An NBC News-Wall Street Journal poll conducted from April 8-11 - the same time frame as the Post-ABC poll - found a 7-point advantage in the generic congressional ballot for Democrats, down from a 10-point edge in March. Almost 68 percent of both Republican-leaning and Democratic-leaning registered voters say they are certain they will vote in November elections, which contrasts with the Post-ABC polling before the 2010 and 2014 midterm cycles.
Democrats won the statewide House vote by eight percentage points in 2016 and an even smaller two in the 2014 midterm.
The generic ballot - asking people if they'd vote for the Republican or the Democratic candidate in their congressional district - is a rough gauge, in part because so many seats are not seriously contested, often due at least in part to gerrymandering.
Republican members of Congress breathed a sigh of relief Monday with new polls showing GOP legislators closing the gap with liberal lawmakers; cutting the Democratic edge to five points just months before voters head to the polls. Republicans averaged a double-digit advantage in intentions to vote and Democrats suffered major losses in both years.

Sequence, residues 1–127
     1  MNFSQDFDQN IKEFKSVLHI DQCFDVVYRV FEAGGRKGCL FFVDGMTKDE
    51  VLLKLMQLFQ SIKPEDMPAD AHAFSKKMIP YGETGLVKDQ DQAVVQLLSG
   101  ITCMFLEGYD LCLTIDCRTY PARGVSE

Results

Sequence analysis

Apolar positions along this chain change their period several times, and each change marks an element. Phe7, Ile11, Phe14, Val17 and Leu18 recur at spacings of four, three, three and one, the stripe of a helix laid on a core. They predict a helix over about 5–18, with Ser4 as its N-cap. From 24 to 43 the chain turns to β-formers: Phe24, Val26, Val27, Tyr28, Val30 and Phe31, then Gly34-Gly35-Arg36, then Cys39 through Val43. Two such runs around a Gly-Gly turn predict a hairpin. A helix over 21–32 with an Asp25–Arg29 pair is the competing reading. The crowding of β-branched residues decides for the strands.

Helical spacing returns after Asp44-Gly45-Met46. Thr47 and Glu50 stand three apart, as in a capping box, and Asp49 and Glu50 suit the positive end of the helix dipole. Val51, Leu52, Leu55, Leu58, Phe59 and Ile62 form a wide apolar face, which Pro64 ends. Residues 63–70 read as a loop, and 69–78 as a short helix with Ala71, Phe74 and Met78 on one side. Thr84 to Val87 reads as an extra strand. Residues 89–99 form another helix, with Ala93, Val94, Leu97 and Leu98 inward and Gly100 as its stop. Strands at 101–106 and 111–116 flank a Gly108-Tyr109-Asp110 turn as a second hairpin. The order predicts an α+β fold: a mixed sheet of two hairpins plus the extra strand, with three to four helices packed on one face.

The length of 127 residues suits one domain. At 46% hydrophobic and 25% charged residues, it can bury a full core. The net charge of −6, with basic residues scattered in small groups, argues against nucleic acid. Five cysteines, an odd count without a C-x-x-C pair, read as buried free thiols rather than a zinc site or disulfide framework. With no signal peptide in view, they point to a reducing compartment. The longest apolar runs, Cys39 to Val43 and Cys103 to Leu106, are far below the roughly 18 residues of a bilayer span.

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The poll's vote share in the seven seats now held by Democrats - a 31 percentage point gap - is in line with the average 30-point advantage Democrats held in these districts in both 2016 and 2014.
"This is pretty astounding".
Factors at play include a slide in self-reported registration among Democrats, which is a sign of waning engagement; consolidation among Republicans of their base; and better results for the GOP among less-educated Americans generally, and non-college-educated white women in particular.
The Post-ABC poll also showed a slight uptick in President Donald Trump's approval rating as well, with 40% approving and 56% disapproving of how he is handling his job.
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Many New Jerseyans aren't fans of the new federal tax law, either.
Ever since its enactment, the tax plan has been more unpopular than popular, Journal/NBC News polls found. Republicans hoped that would change after the law began to take effect, as more money showed up in paychecks and Republicans did more to explain the benefits.
Under Mr. Trump, deficit reduction and spending restraint have taken a back seat to the GOP's push to cut taxes and its support for a bipartisan budget deal that raised defense and domestic spending. Just 19 percent expect their taxes to go down, while another 25 percent think there will be no impact.
Overall, 47 percent of registered voters told WaPo they prefer Democratic candidates in their district, while 43 percent favor the GOP.
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The poll surveyed 703 new-jersey adults by telephone April 610, 6 32 of whom are registered Republicans.